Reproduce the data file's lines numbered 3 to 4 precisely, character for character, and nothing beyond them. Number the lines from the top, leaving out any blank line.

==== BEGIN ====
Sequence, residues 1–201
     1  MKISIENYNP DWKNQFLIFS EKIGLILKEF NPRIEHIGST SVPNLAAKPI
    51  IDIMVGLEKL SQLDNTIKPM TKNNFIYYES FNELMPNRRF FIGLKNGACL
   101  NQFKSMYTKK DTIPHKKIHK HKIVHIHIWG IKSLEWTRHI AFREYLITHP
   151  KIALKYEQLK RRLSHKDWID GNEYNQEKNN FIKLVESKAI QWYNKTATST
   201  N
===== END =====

    51  IDIMVGLEKL SQLDNTIKPM TKNNFIYYES FNELMPNRRF FIGLKNGACL
   101  NQFKSMYTKK DTIPHKKIHK HKIVHIHIWG IKSLEWTRHI AFREYLITHP